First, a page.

THE Endmoor Community Speed Watch Scheme has caught 156 vehicles speeding in its first six weeks of operation.
Since launching on April 16 volunteers have recorded motorists travelling at speeds of up to 54mph - well over the 30mph limit.
All drivers logged have received warning letters, and 80 per cent of them were found to live within 20 miles of Endmoor.
The scheme was set up in a bid to tackle concerns from Endmoor residents about speeding in their community.
It aims to highlight the problem by sending offending motorists letters telling them that they have been identified as exceeding the speed limit.
Fourteen volunteers have been trained by PC Kevin Jackson, a Kendal police officer in the Operational Support Unit, in the correct use of the laser gun.
The volunteers usually work in pairs to help each other accurately record the vehicle registration numbers.
Michael Roberts, a Police Support Volunteer who is administering the scheme, said: “We have been very pleased with the commitment of Endmoor residents to operate this scheme so effectively and enthusiastically.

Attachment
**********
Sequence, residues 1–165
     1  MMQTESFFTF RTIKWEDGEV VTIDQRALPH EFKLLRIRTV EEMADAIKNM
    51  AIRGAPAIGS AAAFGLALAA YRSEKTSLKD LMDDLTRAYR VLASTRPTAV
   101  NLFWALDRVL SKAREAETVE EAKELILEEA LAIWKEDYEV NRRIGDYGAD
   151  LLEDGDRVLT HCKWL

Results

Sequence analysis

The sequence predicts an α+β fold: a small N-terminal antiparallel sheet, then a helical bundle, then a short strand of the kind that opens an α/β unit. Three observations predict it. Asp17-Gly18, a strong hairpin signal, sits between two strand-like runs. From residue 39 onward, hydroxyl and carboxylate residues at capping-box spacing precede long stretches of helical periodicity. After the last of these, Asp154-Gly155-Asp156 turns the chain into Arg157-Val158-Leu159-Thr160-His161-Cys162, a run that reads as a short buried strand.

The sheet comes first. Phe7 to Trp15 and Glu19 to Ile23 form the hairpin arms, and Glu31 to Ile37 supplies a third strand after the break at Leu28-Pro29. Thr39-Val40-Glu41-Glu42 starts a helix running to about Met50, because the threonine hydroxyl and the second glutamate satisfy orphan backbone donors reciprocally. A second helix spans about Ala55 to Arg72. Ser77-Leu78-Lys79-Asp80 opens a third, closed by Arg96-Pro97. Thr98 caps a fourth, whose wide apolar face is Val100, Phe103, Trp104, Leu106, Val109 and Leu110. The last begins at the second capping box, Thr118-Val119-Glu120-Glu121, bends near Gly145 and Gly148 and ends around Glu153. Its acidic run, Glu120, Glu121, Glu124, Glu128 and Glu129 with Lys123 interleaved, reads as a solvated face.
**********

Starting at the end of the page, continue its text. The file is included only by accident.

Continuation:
“Of the 156 vehicles logged by these volunteers, none have been repeat offenders.
“I believe that this indicates drivers are modifying their driving behaviour to the benefit and improved safety of everybody living in Endmoor.”
MORE TOP STORIES:
- Parliamentary candidates debate global issues in Kendal
- Ulverston businesses vote in favour of BID to boost town's fortunes
- Breast cancer survivor takes on walk of life
- Forgotten men who fought at Agincourt
Inspector Paul Latham, of Kendal Neighbourhood Policing Team, said: “We are pleased to have worked with the community to address problems they have identified.
“The work carried out has indicated times when the largest volume drivers are likely to be exceeding the speed limit is also the time when pedestrians are most likely to be present.
“Enforcement work by police officers will take place targeting those who exceed the speed limit during those times, and offending drivers are likely to be prosecuted as opposed to receiving warning letters.”